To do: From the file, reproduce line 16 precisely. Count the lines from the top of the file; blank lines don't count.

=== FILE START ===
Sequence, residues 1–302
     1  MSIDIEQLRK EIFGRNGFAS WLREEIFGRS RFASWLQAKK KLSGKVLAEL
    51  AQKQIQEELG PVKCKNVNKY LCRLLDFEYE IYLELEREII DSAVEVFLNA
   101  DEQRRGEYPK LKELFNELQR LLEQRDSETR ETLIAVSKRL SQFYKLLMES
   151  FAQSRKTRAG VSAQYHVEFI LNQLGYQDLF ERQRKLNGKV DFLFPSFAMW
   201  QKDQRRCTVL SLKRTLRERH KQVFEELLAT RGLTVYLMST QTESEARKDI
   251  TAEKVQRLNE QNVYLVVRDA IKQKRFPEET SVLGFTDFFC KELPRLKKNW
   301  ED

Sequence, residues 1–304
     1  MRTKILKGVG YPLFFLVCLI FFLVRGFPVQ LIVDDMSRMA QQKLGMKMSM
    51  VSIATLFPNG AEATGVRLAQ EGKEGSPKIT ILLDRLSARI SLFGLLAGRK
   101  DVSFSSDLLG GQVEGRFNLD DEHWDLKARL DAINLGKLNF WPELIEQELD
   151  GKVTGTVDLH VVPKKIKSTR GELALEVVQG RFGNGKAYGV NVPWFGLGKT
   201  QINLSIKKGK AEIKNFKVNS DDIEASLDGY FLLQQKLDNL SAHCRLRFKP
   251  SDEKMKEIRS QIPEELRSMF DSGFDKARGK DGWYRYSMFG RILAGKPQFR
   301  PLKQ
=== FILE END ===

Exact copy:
   301  PLKQ